SpaceX Falcon 9 rocket launched from Cape Canaveral

Cristina Cross
August 7, 2018

SpaceX has successfully reused the first Falcon 9 Block 5 booster less than three months after the rocket's major reliability and reusability upgrade debuted.

After a final lightning-fast series of computer checks, the 229-foot-tall rocket was released from pad 40 at the Cape Canaveral Air Force Station, quickly accelerating skyward atop 1.7 million pounds of thrust.

The first stage powered the vehicle out of the dense lower atmosphere, shutting down as planned about two-and-a-half-minutes after liftoff.

Seconds before touchdown, four legs deployed and the rocket settled to an on-target landing. Eastern time from Space Launch Complex 40.

Around the same time, the Falcon 9's upper stage shut down and entered a preliminary orbit before a almost 20-minute coast across the Atlantic. It became the 28th booster that SpaceX has ever recovered.

But SpaceX engineers needed to actually make sure that was true, that after its first use Block 5 would be ready to get out there again.

"Ironically, we need to take it apart to confirm that it does not need to be taken apart", Musk said during a May 10 call with reporters. "So this rocket probably won't re-fly for a couple of months".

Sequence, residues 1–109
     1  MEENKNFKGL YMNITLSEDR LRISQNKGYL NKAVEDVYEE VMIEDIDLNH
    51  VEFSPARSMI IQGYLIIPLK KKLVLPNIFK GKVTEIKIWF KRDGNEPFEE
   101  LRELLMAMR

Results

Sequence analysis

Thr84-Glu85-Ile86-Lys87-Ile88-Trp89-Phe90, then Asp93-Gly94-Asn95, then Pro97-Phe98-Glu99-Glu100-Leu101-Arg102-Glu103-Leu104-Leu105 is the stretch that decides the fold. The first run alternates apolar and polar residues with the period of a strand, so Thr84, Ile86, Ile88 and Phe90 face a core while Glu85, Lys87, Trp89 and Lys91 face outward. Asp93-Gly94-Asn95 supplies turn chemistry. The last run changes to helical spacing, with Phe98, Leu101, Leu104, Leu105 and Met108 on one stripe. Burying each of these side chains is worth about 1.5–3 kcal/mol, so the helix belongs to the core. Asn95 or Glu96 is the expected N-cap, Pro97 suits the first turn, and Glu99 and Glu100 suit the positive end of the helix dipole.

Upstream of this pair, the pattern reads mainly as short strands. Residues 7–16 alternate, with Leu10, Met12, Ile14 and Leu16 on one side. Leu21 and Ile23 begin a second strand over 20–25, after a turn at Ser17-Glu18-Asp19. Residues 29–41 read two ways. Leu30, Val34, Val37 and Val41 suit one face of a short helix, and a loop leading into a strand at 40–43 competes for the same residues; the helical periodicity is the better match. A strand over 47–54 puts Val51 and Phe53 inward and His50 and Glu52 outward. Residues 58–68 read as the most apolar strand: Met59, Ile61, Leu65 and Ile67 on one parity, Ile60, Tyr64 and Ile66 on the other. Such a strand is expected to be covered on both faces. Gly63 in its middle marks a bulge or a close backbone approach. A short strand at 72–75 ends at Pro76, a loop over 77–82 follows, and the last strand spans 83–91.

Musk had said the Block 5's first stage booster is created to fly 10 times "with no scheduled refurbishment" and with "moderate scheduled maintenance", Block 5 first stages could be capable of 100 missions. With "moderate scheduled maintenance", Block 5 first stages could be capable of 100 missions, Musk said.

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The block 5 is the rocket SpaceX founder Elon Musk is counting on to launch astronauts to the International Space Station starting next year, the centerpiece of the company's drive to lower launch costs while improving reliability.

The launch has been delayed from August 2 and August 4.

The Merah Putih satellite launched Tuesday will provide C-band telecommunications services over Indonesia and India. Built by Lockheed Martin, the satellite was 18 years old, operating three years past its design life. The new satellite will replace Telkom 1, which failed in a mysterious debris-shedding event in geostationary orbit past year.

Merah Putih's on-board propulsion system will be used to circularize the orbit at the intended 22,300-mile altitude and to maneuver it to its designated operational location at 108 degrees east longitude.

Merah Putih's on-board engine will circularize its orbit over the equator in the coming weeks. "SSL has been an excellent spacecraft supplier and has completed the satellite construction ahead of schedule".

But for SpaceX aficionados, the most exciting part of this launch is that we've seen part of it before.

SpaceX had used Falcon 9 in May to send up a large communications satellite for Bangladesh from Florida. The new satellite will service Indonesia and Southeast Asia.

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